CHARLESTON, WV (LOOTPRESS) – Despite constant rumors over the past year that it would never reopen, hundreds of social media posts are celebrating Wednesday’s planned opening of the iconic Boulevard Shoney’s Restaurant in Charleston.
The sign out front had changed Monday. Where it had declared “opening soon” for months, it now says, “open Mother’s Day.”
The reopening comes after months of doubt, spurred by the company’s tight-lipped policy about their plans. Media inquiries were either met with no response or unclear comments.
Shoney’s Restaurants began on Charleston’s Kanawha Boulevard (known simply as “the Boulevard” to locals), although not at the present location.
The Shoney’s chain grew from the original Parkette Drive-in and Bowling Alley which opened on the capital city’s West Side in 1947. The original Shoney’s, located about a mile further West on the Boulevard from the current location, closed in December 1975. A large Big Boy statue marks that location.
A former All-American football player for Ohio State moved to town in 1943. Alex Schoenbaum opened what he named the Parkette four years later.
The business expanded rapidly when Schoenbaum acquired the Southeastern franchise for the Big Boy hamburger chain, eventually becoming the country’s largest with 1.300 locations. An employee suggestion resulted in the name change from Parkette to Shoney’s.
Schoenbaum himself was a fixture at the Boulevard locations over the years.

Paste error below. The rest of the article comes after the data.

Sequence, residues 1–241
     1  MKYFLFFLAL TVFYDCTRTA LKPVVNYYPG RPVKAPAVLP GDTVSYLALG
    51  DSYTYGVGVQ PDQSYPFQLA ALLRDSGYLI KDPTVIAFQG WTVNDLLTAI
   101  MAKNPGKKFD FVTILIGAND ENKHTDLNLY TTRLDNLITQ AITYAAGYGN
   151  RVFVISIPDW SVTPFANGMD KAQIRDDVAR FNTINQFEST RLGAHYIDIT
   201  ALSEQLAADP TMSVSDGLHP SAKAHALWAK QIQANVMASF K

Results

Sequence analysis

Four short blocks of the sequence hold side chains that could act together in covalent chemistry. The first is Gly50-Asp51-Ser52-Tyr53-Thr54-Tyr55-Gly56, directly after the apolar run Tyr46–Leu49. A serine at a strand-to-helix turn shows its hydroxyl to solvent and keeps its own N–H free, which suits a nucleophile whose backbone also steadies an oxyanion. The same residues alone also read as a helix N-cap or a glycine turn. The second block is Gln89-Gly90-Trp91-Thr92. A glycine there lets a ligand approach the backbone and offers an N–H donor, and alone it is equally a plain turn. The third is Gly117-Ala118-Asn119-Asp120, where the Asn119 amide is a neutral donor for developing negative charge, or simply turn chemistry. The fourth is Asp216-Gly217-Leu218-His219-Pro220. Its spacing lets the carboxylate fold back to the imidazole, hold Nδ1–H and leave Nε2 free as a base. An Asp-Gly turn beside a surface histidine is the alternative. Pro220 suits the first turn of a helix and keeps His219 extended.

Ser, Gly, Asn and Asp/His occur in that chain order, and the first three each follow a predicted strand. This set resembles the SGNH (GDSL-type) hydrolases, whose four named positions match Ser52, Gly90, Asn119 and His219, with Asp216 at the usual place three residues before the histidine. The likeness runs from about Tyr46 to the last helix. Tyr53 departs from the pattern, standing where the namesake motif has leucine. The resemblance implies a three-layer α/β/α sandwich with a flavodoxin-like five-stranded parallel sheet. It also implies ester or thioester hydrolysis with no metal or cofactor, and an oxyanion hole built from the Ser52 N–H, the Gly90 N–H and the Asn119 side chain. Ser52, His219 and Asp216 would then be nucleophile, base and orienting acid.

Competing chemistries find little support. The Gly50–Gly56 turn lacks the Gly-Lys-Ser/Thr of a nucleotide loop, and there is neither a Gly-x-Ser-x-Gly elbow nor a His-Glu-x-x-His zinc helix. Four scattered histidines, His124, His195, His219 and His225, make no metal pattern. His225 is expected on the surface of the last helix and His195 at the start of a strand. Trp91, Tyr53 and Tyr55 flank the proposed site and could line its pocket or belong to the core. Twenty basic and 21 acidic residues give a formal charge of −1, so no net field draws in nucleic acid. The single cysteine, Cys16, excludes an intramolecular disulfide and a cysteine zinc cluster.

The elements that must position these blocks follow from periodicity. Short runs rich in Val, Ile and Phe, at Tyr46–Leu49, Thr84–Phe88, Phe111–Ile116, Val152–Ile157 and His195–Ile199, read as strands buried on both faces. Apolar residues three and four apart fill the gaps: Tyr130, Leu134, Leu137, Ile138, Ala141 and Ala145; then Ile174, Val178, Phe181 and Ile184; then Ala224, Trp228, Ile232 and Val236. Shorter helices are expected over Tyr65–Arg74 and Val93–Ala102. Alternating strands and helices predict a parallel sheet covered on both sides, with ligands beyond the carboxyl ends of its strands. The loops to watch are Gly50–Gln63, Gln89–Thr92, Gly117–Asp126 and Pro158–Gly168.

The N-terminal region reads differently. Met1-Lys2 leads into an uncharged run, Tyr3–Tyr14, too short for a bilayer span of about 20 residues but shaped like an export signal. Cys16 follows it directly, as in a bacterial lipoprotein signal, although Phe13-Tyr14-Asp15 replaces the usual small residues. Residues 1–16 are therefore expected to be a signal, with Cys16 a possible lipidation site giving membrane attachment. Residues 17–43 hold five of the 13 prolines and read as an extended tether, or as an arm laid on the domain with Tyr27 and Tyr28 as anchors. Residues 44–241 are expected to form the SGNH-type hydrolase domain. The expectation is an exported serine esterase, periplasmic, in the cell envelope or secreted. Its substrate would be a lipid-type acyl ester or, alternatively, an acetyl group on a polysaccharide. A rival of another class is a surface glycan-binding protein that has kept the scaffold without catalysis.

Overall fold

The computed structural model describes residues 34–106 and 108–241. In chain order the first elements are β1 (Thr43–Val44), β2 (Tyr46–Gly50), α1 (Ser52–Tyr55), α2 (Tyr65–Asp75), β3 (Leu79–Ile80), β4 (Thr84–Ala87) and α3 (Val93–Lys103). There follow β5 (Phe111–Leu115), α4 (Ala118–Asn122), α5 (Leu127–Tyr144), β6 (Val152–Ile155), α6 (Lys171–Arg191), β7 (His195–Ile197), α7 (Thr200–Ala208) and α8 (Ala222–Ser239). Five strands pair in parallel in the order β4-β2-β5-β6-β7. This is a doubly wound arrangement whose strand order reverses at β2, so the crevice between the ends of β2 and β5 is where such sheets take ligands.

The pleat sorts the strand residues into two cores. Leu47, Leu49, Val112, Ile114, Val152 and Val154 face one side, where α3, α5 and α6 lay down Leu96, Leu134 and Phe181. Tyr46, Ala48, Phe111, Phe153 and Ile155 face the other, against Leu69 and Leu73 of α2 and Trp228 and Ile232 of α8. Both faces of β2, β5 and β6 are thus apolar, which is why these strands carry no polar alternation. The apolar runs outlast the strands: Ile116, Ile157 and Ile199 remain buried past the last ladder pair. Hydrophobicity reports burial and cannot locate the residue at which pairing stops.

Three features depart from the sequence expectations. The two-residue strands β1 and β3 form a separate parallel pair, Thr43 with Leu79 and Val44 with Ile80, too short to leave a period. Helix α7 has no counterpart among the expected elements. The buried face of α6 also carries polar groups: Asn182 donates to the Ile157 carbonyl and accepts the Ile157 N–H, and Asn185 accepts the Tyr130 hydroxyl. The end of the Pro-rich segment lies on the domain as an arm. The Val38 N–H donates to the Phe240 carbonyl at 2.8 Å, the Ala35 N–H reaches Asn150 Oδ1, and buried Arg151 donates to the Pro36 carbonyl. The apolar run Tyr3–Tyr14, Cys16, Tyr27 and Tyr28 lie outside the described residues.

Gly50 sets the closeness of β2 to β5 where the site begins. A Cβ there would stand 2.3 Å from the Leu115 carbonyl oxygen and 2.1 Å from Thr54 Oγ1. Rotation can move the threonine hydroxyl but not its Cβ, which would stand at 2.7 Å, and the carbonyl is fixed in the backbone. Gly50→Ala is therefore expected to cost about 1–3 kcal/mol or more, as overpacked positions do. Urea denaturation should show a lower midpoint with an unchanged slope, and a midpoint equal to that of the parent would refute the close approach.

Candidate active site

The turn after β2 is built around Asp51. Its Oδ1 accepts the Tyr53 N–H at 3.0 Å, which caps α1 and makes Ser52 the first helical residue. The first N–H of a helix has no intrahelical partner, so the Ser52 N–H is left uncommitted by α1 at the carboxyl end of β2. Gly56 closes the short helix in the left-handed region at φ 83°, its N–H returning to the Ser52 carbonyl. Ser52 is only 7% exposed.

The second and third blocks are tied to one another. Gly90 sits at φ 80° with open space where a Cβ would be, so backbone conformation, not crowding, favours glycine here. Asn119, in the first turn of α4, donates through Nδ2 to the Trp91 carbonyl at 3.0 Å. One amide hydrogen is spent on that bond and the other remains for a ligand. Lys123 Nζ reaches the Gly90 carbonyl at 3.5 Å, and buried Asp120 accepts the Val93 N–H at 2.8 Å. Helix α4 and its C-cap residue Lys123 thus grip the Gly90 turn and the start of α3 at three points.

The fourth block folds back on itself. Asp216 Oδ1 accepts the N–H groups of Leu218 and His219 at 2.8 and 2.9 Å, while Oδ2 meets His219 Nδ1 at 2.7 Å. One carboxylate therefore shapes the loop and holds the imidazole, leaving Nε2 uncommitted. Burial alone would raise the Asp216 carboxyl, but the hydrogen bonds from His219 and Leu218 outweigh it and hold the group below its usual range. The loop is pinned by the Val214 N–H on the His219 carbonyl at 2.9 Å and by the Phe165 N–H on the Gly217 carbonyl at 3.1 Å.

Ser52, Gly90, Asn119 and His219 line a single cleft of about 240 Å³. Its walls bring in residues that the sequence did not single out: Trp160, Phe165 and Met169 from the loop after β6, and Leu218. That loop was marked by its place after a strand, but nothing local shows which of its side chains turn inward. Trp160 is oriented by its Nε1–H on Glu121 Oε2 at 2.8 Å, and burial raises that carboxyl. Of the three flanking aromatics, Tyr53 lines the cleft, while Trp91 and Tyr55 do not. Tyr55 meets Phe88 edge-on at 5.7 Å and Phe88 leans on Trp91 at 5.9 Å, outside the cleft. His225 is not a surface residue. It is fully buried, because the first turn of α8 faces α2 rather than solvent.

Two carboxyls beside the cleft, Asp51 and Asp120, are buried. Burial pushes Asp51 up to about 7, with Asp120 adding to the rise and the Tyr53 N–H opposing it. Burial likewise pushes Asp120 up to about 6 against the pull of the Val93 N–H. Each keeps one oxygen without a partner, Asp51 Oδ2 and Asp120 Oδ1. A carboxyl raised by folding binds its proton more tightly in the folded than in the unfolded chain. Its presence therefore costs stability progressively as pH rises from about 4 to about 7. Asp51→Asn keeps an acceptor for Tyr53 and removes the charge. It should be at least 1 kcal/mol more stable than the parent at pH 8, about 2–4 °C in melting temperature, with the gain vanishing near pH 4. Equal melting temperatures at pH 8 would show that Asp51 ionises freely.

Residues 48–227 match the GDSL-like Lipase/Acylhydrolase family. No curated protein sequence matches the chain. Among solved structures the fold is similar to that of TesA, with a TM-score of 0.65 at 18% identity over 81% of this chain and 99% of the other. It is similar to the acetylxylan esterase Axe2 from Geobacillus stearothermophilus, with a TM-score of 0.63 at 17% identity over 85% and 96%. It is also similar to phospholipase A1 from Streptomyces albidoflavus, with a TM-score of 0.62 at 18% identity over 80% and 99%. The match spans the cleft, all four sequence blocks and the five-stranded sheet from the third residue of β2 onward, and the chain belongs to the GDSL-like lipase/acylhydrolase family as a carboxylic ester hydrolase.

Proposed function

In 1971, Schoenbaum sold his interest to Captain D’s founder and Shoney’s franchise holder Ray Danner of Nashville, Tennessee. Shoney’s dropped its affiliation with the Big Boy franchise and transformed mostly into a buffet restaurant.
Many speculated on social media that local locations would not reopen. Then came word from employees who were called back to work that the Boulevard location would reopen Wednesday.
“Bring on the mashed potatoes!” one fan posted on Facebook “Strawberry pie!” exclaimed another. “Hot fudge cake,” said a third.
Others were tagging friends and many expressed excitement. “Never thought I’d eat at that bar again,” wrote another. “I’ll be there Wednesday, maybe for both the breakfast and dinner bars.”
Buffet-type restaurants have suffered greatly because of the Covid pandemic with most closing their doors. Multiple customers touching serving utensils were the major concern.
But Chinese buffets began reopening recently, solving the problem by requiring patrons to wear throwaway plastic gloves. Most were doing a swift business after the change.
In Beckley, for example, reopening of the Golden Corral buffet restaurant was widely anticipated this month.
Plans for other area Shoney’s locations were not as clear this week. Corporate headquarters, now in Nashville, remained tight-lipped. Social media focused on such locations as Quincy, also in Kanawha County, and sitting inactive since the pandemic began.
The chain had already become smaller over the years. A location in Kanawha City closed years ago along with others in Dunbar and St. Albans. The one in Logan also went out of business.
But it’s safe to say, if one can rely on social media as an indication, the Boulevard Shoney’s should be a hit.